The balmy December temperatures may have given you hope, but don’t let them fool you—the snow is coming. It’s important that you brush up on the basics of winter driving now, before the snow hits. We’ve made it easy for you by compiling the five essentials of safe winter driving.

Snow Tires

If you live in New England, you need snow tires. All season tires are a compromise of the best assets of each type of tire—while they are better than a standard road tire, only a snow tire is designed to excel in winter conditions for more than three months. Invest in a good pair of snow tires and (depending on your driving frequency) they could easily last you for several seasons. Trust us, it’s worth never getting stuck in the snow again.

Warm Up The Car

Taking the time to warm up your car isn’t just to make you comfortable; it’s integral to the performance of your vehicle in the cold. While engine stalls may not happen as much as they used to, it’s still important to let the engine idle for at least 30 seconds; longer if the temperature is below zero. The oil in your engine changes its viscosity the colder it gets, and if you don’t let the car idle, you’re putting a full load of work on an engine with no lubrication. Protip: remote car starters are cheap!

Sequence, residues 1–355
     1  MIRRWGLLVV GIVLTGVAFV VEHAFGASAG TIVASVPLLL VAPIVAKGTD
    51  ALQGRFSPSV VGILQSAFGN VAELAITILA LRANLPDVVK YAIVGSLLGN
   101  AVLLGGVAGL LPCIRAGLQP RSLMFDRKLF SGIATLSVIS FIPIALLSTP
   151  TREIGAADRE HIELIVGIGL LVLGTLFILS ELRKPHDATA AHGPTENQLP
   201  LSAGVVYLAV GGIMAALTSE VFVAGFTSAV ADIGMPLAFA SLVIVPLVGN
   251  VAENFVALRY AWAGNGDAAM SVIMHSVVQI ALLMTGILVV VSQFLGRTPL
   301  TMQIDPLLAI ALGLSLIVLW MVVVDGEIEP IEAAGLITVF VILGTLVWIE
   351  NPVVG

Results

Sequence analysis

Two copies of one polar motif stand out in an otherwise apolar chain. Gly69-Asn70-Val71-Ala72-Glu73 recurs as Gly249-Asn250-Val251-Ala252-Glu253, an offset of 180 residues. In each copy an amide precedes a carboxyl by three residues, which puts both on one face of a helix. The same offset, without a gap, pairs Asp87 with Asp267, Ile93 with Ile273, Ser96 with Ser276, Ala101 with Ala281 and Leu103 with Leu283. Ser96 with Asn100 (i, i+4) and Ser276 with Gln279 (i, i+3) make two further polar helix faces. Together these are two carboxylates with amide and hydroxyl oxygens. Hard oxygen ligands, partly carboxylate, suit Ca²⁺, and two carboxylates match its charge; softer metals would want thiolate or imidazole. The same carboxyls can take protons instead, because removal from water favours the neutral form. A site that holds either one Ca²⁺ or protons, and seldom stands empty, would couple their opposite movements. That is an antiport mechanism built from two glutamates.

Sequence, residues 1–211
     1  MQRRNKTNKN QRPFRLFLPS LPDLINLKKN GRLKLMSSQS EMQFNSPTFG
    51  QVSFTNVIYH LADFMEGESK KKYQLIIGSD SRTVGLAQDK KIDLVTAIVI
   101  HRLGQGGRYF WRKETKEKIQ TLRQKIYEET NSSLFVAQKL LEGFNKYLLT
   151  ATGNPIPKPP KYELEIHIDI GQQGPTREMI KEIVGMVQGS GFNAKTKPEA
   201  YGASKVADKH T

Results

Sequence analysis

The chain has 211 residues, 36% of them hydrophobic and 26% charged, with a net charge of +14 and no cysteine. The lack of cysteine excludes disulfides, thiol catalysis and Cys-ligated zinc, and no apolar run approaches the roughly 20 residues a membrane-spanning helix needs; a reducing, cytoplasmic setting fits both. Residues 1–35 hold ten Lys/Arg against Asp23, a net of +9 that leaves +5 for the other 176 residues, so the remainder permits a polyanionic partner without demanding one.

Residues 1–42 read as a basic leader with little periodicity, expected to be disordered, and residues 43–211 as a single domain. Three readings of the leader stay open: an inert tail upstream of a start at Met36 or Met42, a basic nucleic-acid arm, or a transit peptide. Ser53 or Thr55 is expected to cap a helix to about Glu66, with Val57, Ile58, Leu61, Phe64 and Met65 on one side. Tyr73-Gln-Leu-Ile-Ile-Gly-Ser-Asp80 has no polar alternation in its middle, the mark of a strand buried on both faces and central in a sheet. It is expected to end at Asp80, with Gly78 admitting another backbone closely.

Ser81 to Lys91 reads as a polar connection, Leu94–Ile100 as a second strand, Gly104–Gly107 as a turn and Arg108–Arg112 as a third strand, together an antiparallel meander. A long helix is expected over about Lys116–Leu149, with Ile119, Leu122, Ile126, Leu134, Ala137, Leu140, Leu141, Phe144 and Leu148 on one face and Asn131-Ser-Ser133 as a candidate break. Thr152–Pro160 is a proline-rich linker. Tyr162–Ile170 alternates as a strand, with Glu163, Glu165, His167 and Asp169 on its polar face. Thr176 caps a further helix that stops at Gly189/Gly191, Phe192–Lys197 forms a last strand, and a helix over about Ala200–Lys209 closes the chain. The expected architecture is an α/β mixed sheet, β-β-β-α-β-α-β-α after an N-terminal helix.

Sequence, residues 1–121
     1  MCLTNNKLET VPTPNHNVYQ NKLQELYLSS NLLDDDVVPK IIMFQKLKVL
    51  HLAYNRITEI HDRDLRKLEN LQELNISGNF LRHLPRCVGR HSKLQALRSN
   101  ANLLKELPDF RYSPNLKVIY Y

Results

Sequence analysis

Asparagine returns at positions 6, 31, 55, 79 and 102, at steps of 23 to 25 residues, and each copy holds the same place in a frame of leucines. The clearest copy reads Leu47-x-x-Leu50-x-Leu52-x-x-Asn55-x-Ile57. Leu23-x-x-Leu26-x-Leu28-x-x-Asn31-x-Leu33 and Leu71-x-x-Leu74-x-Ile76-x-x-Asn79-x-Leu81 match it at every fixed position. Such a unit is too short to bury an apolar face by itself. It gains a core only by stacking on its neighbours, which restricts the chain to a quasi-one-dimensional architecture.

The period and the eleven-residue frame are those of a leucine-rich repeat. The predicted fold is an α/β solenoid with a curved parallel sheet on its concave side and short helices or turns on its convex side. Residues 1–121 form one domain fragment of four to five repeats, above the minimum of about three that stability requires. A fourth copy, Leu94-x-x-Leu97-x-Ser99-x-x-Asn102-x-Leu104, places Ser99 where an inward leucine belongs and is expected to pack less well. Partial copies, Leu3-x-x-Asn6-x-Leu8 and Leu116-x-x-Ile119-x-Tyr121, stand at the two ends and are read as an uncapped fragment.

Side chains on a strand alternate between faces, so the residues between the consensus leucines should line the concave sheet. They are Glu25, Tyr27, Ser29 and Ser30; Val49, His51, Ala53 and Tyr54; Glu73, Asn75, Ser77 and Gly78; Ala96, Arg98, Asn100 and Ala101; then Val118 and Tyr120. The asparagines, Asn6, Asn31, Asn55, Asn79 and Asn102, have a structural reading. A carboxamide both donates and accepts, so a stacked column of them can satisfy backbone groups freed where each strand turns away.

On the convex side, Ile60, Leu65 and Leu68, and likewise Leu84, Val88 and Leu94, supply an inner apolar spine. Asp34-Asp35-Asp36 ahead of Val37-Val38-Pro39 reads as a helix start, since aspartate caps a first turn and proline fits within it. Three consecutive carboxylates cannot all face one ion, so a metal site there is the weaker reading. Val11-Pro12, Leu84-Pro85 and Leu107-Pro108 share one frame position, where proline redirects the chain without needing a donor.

This winter driving rule cannot be overstated: always leave at least a quarter tank of gas in your car. Always. The less gas in your tank, the more cold air in your tank; eventually this will cause your tank to freeze and can even lead to ice on your fuel lines. It’s such an easy thing to do, but postponing a trip to the gas station during the winter can have disastrous consequences.


Take the time to familiarize yourself with your brakes before trying them out in the snow. It’s important to know whether you have anti-lock brakes or need to manually pump them. Remember, in the snow it’s always important to do everything more slowly. Give yourself plenty of room to come to a stop and avoid braking on corners if possible.

Exhaust Check

Have your car’s exhaust system checked for carbon monoxide leaks, which are particularly dangerous during the winter when you’re driving with your windows up. If you’re driving your car after a night of heavy snow, always unclog the snow from your exhaust before starting it!

The key to safe winter driving is preparation—before winter hits and before you start the car. Driving in the winter can be scary, but you can make sure you and your family are safe if you follow these basic tips. Enjoy the warm weather while you can, but don’t sleep on preparing for the snow that will eventually come.

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